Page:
In 2012, Gabrielle Jones was the fourth Stop the Hate® grand prize winner. Read her essay below and register for the awards ceremony HERE.
Growing up, I was always bigger than my peers. My memories from middle school are filled with pain. Riding the school bus did not make the situation any better. Every day when I would get on the bus, I felt like an outsider entering into territory that was not my own. Words like fatty patty and elephant filled the air as kids laughed and pointed. One day, the bus had reached its capacity and there were not enough seats for all the kids. So the bus driver had to sit us two and three to a seat. When she got to me a girl said, “There’s not enough room for her because she is like five people put together.” The whole bus went up in laughter; I sat there embarrassed, but most of all hurt. Kids would throw candy wrappers and Debbie cakes in my seat and tell me to eat it. Every day I would come home and run in my room to cry my eyes out. I realized that, not only was I a victim of discrimination, but I was suffering from bullying as well.
I endured the same acts of hatred in school. As I walked down the hallways, the students would hold on to their lockers and yell, “earthquake!” Things had become so bad that students would force me to bring them snacks and money to school. Out of fear, I would comply, afraid of what might happen if I didn’t. I never spoke up because I was too scared of things getting worse. I was friendless because no one wanted to hang out with “the fat girl.” In gym class, I was always picked last or not at all; the students would complain about me being too big to run. During recess, the kids would ask me to be their horse and they would push me on the ground. I went through the name calling and harassing all the way until high school.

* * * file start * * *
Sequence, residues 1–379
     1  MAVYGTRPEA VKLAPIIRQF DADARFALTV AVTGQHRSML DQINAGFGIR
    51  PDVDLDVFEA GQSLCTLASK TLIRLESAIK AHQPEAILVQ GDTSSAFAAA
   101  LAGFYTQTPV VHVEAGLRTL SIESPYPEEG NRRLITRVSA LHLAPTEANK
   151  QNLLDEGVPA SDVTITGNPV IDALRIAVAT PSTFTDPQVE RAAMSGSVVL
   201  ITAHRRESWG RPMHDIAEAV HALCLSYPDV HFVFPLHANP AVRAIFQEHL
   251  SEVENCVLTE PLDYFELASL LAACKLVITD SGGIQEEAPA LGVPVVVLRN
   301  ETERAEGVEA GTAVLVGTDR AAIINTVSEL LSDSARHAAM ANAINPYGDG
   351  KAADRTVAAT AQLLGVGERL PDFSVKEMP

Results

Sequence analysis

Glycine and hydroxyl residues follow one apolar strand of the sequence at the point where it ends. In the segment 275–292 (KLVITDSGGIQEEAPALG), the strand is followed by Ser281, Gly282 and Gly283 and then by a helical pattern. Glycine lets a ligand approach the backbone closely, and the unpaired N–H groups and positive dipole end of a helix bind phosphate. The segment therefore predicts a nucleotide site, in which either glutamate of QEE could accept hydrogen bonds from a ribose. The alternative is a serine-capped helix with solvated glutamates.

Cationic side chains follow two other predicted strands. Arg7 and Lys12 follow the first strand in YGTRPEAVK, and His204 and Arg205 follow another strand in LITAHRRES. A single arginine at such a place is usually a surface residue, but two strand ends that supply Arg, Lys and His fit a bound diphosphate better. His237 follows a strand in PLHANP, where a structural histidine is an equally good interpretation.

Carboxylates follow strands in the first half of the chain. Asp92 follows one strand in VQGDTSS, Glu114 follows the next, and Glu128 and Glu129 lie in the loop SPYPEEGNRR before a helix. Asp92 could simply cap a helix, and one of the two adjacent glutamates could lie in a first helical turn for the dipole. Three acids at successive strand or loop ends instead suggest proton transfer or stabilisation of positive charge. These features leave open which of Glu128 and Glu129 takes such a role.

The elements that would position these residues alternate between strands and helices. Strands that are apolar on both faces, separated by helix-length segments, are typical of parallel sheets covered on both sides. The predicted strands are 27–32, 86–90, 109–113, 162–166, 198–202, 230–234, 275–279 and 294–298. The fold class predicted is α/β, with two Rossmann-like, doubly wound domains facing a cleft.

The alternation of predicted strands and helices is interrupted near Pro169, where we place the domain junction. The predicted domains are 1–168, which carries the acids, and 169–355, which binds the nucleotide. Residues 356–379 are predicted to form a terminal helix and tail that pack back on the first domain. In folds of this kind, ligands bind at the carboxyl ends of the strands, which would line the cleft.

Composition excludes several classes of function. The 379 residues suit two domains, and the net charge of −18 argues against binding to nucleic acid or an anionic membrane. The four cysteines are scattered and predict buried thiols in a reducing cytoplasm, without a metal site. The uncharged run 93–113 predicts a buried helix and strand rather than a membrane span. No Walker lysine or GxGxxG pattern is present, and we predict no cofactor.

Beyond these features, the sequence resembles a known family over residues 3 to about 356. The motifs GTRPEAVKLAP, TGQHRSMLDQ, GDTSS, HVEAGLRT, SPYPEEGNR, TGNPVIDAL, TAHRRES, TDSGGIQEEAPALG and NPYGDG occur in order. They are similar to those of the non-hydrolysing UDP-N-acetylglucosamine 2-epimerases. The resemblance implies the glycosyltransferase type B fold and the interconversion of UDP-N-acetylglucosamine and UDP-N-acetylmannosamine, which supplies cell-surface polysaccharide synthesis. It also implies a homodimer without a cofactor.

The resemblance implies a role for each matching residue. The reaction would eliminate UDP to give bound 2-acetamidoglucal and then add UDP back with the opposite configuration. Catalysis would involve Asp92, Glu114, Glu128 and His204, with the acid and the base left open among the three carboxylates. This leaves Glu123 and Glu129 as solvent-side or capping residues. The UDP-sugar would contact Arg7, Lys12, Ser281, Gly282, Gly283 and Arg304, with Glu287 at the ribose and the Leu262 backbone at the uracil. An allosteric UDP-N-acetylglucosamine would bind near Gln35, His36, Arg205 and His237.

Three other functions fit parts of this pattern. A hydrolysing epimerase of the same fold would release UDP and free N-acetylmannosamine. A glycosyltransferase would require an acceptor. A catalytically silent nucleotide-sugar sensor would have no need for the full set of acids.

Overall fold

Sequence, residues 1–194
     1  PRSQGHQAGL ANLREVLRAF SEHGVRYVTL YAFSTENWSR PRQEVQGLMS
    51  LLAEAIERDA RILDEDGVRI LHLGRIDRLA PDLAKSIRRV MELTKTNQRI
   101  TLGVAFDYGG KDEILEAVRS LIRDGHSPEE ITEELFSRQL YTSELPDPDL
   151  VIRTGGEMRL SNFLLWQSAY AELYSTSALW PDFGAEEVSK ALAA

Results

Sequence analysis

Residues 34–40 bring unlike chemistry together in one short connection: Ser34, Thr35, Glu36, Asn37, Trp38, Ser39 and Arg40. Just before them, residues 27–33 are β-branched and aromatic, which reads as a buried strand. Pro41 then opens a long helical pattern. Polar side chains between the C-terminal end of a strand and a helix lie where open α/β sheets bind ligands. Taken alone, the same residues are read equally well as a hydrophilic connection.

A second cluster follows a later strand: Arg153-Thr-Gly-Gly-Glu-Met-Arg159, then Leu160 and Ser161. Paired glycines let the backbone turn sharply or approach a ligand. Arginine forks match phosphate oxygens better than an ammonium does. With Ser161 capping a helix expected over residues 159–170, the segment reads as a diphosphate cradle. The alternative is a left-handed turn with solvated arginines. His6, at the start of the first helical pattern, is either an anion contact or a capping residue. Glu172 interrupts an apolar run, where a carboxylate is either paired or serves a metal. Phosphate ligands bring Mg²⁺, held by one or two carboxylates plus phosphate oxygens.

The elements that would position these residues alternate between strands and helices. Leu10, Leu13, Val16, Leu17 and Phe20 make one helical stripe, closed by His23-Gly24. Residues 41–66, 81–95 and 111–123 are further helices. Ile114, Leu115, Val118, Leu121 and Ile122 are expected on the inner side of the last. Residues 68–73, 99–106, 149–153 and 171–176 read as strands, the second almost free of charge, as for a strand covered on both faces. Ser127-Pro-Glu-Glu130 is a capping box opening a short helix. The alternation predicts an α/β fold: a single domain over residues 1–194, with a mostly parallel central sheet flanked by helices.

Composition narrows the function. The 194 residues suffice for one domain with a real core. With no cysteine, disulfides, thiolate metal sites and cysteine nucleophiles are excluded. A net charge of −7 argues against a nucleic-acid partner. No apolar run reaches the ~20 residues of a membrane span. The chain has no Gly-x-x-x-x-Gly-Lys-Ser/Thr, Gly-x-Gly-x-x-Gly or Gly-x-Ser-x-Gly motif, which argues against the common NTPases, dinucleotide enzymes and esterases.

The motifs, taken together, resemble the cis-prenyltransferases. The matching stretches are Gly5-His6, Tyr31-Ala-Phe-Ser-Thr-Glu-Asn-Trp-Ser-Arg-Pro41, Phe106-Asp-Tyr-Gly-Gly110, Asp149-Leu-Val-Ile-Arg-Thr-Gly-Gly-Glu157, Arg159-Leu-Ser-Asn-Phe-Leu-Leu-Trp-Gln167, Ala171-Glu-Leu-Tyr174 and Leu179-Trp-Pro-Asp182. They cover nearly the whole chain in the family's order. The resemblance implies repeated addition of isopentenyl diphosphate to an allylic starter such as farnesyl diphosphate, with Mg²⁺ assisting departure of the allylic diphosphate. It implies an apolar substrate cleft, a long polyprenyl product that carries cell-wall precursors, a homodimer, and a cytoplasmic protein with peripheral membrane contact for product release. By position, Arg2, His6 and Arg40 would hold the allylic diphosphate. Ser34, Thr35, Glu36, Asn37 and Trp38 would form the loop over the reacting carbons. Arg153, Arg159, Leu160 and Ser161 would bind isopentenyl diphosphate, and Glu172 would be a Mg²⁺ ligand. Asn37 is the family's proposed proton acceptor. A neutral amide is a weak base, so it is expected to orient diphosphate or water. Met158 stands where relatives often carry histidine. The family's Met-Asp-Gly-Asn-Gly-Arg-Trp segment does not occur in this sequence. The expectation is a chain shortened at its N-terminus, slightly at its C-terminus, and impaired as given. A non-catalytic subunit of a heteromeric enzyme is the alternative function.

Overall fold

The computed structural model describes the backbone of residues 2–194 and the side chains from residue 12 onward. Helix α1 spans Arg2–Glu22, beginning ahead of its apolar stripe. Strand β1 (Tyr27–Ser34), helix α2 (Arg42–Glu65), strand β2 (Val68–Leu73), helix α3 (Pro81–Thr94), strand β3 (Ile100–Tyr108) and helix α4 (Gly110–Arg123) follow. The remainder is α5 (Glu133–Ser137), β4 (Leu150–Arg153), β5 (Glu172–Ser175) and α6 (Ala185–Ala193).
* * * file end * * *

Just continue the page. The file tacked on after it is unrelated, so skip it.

Once I reached high school, I told myself enough was enough. I wanted to make a change. I was sick of being the victim of hatred and discrimination, so I took action. I became a member of the NAACP Youth Council. We focus on racial equality for everyone and we have several resources that we use to combat discrimination. I also use my voice through poetry and motivational speaking to lead by example and encourage my peers to fight hatred with peace. Through my efforts I was elected Vice President of Student Council. As Vice-President I host teen summits, poetry slams, and go around to different classrooms and let people know they don’t have to be subject to discrimination, neither do they have to condone it. As a result of my sermons I gained the nickname “The Preacher.” I will not stop here, I will continue on my journey toward overcoming discrimination so that neither I nor anyone else will ever be a victim of hate again.
Stop the Hate® is a contest designed to create an appreciation and understanding among people of differing religions, races, cultures, and socioeconomic backgrounds. By challenging young people to consider the benefits of a more inclusive society, the consequences of intolerance, and the role of personal responsibility in effecting change, the contest also reflects Jewish values of responsible citizenship and respect for all humanity.
Each year, the Maltz Museum of Jewish Heritage gives out $100,000 in scholarships, awards, and anti-bias education in recognition of 6-12th grade upstanders in Ashtabula, Cuyahoga, Geauga, Lake, Lorain, Mahoning, Medina, Portage, Stark, Summit, Trumbull and Wayne counties.
Register for the Stop the Hate® awards ceremony HERE.